Browse

You are looking at 41 - 50 of 5,444 items for

  • User-accessible content x
Clear All
Restricted access

Caroline M J van Kinschot, Vikas R Soekhai, Esther W de Bekker-Grob, W Edward Visser, Robin P Peeters, Tessa M van Ginhoven, and Charlotte van Noord

Objective

Treatment options for Graves’ disease (GD) consist of antithyroid drugs (ATD), radioactive iodine (RAI) and total thyroidectomy (TT). Guidelines recommend to discuss these options with patients, taking into account patients’ preferences. This study aims to evaluate and compare patients’ and clinicians’ preferences and the trade-offs made in choosing treatment.

Design and methods

A discrete choice experiment (DCE) was performed with GD patients with a first diagnosis or recurrence in the previous year, and with clinicians. Participants were offered hypothetical treatment options which differed in type of treatment, rates of remission, severe side effects, permanent voice changes and hypocalcemia. Preference heterogeneity was assessed by latent-class analysis.

Results

In this study, 286 (82%) patients and 61 (18%) clinicians participated in the DCE. All treatment characteristics had a significant effect on treatment choice (P < 0.05). Remission rate was the most important determinant and explained 37 and 35% of choices in patients and clinicians, respectively. Both patients and clinicians preferred ATD over surgery and RAI. A strong negative preference toward RAI treatment was observed in a subclass of patients, whereas clinicians preferred RAI over surgery.

Conclusion

For both patients and clinicians, remission rate was the most important determinant of treatment choice and ATD was the most preferred treatment option. Patients had a negative preference toward RAI compared to alternatives, whereas clinicians preferred RAI over surgery. Clinicians should be aware that their personal attitude toward RAI differs from that of their patients. This study on patients’ and clinicians’ preferences can support shared decision making and thereby improve clinical treatment.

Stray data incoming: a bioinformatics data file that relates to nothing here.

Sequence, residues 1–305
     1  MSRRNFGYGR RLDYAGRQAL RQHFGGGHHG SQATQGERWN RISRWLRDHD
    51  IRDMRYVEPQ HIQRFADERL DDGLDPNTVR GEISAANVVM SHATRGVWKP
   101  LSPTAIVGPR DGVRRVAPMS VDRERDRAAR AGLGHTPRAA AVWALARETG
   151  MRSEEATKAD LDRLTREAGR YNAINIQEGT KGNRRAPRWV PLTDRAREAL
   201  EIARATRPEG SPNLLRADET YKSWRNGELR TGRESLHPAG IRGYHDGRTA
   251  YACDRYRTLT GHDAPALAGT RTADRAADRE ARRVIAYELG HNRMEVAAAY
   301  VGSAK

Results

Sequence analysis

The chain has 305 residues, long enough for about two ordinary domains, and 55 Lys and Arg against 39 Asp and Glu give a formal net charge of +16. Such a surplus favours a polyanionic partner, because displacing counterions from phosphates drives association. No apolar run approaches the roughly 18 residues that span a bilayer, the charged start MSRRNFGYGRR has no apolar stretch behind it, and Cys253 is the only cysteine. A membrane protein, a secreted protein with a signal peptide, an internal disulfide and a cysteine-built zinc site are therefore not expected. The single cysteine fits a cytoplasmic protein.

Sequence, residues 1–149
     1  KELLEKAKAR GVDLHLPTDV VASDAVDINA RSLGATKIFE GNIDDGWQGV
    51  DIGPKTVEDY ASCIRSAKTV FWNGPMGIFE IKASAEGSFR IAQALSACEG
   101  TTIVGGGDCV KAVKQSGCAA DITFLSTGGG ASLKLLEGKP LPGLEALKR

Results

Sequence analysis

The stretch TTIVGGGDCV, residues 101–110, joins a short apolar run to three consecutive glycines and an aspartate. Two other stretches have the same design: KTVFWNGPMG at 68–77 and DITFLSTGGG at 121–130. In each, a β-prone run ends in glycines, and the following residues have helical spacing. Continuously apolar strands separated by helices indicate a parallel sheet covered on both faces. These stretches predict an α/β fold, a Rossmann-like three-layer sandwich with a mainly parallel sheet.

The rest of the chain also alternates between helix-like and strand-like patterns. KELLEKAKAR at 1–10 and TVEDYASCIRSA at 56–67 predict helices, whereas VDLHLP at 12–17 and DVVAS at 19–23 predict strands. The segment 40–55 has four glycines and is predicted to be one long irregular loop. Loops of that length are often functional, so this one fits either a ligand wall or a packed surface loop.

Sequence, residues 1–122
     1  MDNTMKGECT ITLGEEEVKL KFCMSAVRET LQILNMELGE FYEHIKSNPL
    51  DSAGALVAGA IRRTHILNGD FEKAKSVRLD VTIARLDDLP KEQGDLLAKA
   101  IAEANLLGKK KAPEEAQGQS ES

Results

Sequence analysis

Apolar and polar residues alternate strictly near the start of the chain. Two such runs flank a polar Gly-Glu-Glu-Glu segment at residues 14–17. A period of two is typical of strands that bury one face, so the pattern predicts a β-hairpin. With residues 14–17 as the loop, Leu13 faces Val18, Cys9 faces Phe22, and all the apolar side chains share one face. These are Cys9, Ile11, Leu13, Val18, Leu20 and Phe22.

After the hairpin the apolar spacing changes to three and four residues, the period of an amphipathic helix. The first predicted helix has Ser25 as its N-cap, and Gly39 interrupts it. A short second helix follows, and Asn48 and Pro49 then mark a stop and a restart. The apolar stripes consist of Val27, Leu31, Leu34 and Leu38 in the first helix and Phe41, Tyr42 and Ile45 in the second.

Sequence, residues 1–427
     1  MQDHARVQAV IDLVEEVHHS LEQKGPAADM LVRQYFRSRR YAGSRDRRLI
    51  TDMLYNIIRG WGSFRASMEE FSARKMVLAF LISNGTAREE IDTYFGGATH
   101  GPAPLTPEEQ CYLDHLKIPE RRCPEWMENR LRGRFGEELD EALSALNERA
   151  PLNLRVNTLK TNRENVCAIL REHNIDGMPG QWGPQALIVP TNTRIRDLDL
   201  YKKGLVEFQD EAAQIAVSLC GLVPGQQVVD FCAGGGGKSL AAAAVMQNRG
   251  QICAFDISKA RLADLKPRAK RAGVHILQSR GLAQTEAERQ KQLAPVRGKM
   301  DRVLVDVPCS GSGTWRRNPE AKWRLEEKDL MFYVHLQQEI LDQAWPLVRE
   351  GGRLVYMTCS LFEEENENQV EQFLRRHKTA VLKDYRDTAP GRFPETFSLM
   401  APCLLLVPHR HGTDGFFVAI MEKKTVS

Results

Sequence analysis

Restricted access

Karolina Zawadzka, Krzysztof Więckowski, Piotr Małczak, Michał Wysocki, Piotr Major, Michał Pędziwiatr, and Magdalena Pisarska-Adamczyk

Objective

Alpha-adrenergic blockade is currently the first choice of preoperative treatment in patients with functional pheochromocytoma and sympathetic paraganglioma. Nevertheless, there is no consensus whether selective or non-selective alpha-blockade is superior for preventing both perioperative hemodynamic instability and complications.

Design

Our study aimed to compare selective and non-selective alpha-blockade through a systematic review with meta-analysis.

Methods

MEDLINE, Embase, Web of Science and Cochrane Library were searched for eligible studies. Randomized and observational studies comparing selective and non-selective alpha-blockade in pheochromocytoma and sympathetic paraganglioma surgery in adults were included. Data on perioperative hemodynamic parameters and postoperative outcomes were extracted.

Results

Eleven studies with 1344 patients were enrolled. Patients receiving selective alpha-blockade had higher maximum intraoperative systolic blood pressure (WMD: 12.14 mmHg, 95% CI: 6.06–18.21, P < 0.0001) compared to those treated with non-selective alpha-blockade. Additionally, in the group pretreated with selective alpha-blockers, intraoperative vasodilators were used more frequently (OR: 2.46, 95% CI 1.44–4.20, P = 0.001). Patients treated with selective alpha-blockers had lower minimum intraoperative systolic blood pressure (WMD: −2.03 mmHg, 95% CI: −4.06 to −0.01, P = 0.05) and shorter length of hospital stay (WMD: −0.58 days, 95% CI: −1.12 to −0.04, P = 0.04). Operative time, overall morbidity and mortality did not differ between the groups.

Conclusions